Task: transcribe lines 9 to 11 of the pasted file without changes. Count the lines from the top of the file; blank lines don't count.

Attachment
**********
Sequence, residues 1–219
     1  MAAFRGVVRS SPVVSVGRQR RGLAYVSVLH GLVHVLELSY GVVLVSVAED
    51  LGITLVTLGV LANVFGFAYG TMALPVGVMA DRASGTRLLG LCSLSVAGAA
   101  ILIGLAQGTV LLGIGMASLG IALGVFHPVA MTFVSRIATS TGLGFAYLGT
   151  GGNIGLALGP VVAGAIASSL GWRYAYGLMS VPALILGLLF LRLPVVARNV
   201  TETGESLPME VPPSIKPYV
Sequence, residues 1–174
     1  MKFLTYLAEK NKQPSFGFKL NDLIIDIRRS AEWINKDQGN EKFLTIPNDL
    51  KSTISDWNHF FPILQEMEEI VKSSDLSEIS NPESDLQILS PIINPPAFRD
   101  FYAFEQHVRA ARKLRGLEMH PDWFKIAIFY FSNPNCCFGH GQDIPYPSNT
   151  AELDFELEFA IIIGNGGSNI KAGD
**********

    51  KSTISDWNHF FPILQEMEEI VKSSDLSEIS NPESDLQILS PIINPPAFRD
   101  FYAFEQHVRA ARKLRGLEMH PDWFKIAIFY FSNPNCCFGH GQDIPYPSNT
   151  AELDFELEFA IIIGNGGSNI KAGD